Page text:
23 January 2020, The Tablet

Catholic priest at Davos on AI and the soul

The World Economic Forum has been meeting in Davos, Switzerland.

Catholic priest at Davos on AI and the soul

Klaus Schwab, founder and executive chairman of the World Economic Forum.
Guo Chen/Xinhua News Agency/PA Images

New technologies in society raise important questions about the soul, according to a Catholic delegate attending the World Economic Forum in Davos. 

Fr Philip Larrey, Chair of Logic and Epistemology at the Pontifical Lateran University, who has been in discussions with tech companies about the ethical questions around Artificial Intelligence and robots, took part in a discussion “Faith in the Fourth Industrial Revolution", sponsored by the United Arab Emirates. 

Fr Larrey told The Tablet that how emerging technologies raise questions about immortality and the soul. Among Silicon Valley billionaires, he explained, heavy investment was going into technologies about how to vastly extend life expectancy and the “transhumanist” movement looking at ways to transfer human consciousness into a digital format. 

“The smartest ones [tech companies] want to dialogue with the Catholic Church because we have a 2,000 year tradition about what it means to be human,” he said. “The richness of the Catholic tradition gives us the framework to speak out the technologies we have. How we were created and what is our purpose.”

Fr Larrey, from Mountain View, California, where Google has its HQ, and who helped arrange the 2016 meeting between the Pope and Eric Schmidt, the executive chairman of Google holding company Alphabet, pointed out that “the question of whether we can we really become immortal goes back to the Book of Genesis.”

He said some of the tech gurus have made it clear they are not interested in having a dialogue with the Vatican. 

“They want to do their own thing, and are pushing ahead with a lot of money with projects to try and keep them immortal, or solve health issues,” said Fr Larrey, who has written two books, Connected World and Artificial Humanity. 

Last September, Silicon Valley big hitters went to the Vatican to discuss ethics amid talk of a potential papal document on artificial intelligence. Archbishop Vincenzio Paglia, the Pope’s point man on family and pro-life issues, has met Brad Smith, the President of Microsoft. The next assembly of his Pontifical Academy of Life department will focus on AI.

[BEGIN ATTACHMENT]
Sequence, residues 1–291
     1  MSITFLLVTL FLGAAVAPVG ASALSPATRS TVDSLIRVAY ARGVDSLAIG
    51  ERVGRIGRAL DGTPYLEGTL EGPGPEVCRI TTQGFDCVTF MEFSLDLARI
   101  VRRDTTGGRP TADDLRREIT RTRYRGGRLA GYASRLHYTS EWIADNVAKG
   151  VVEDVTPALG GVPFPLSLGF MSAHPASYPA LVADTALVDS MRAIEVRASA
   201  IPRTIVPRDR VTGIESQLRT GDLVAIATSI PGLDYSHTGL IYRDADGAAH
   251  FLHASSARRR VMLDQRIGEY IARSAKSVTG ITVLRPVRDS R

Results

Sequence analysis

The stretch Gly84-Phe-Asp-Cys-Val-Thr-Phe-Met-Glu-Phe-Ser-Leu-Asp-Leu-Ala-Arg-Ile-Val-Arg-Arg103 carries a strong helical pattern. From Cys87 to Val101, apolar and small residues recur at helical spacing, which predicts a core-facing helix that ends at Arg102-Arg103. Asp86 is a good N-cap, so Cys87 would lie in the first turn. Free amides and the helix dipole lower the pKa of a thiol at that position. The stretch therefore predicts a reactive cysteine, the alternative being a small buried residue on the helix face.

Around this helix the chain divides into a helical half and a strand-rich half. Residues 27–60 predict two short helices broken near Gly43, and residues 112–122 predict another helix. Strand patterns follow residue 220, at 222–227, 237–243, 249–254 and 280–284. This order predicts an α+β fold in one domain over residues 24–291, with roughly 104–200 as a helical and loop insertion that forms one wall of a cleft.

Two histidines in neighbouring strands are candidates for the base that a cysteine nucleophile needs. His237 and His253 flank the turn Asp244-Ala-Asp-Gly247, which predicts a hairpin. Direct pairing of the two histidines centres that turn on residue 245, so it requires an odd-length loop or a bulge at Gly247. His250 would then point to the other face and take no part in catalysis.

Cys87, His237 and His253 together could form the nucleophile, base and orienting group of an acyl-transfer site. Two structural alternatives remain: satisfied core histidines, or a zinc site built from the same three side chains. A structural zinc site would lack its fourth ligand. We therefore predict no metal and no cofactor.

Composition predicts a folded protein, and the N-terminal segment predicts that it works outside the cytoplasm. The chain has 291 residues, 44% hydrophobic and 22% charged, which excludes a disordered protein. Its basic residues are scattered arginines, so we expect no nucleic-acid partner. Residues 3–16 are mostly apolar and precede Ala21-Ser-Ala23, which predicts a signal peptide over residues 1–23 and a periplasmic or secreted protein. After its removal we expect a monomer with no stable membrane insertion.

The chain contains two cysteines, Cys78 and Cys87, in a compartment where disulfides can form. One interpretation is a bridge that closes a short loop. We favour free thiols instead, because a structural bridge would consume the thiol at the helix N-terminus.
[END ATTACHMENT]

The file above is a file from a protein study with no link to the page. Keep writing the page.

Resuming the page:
Fr Larrey stressed that whatever the technological developments, it was important to put people before platforms

“The Church is not against the use of machines, but what the Pope is saying is put the human being at the centre of technology,” he explained .

The priest-philosopher pointed out that parishes, while using digital technology, are places of human contact. He said claims about robots taking over the world are overblown, and that governments will not allow machines to take over peoples’ jobs right away. The same is true for pastoral ministry. 

“I don’t see robot priests in the future,” he added. 

Fr Larrey is also Chairman of Humanity 2.0 which provides a dialogue platform between the public, private and faith sectors. He has been to Davos before and while he enjoys the opportunities to meet people, is not uncritical. “It’s freezing cold, and everyone you meet is a VIP who thinks they have been endowed with a right to rule the world,” he joked.  

Pope Francis in his message reminded those at the gathering for the World Economic Forum that their overriding concern must be for “the one human family,” and warned against the “isolationism, individualism and ideological colonisation” of contemporary debate. 

Digital and technological changes, he said, had benefited humanity, but also left people behind. The Pope’s message was delivered by Cardinal Peter Turkson, of the integral human development dicastery, who was in Davos, and who was joined by Fr Augusto Zampini-Davies, an official at the dicastery.


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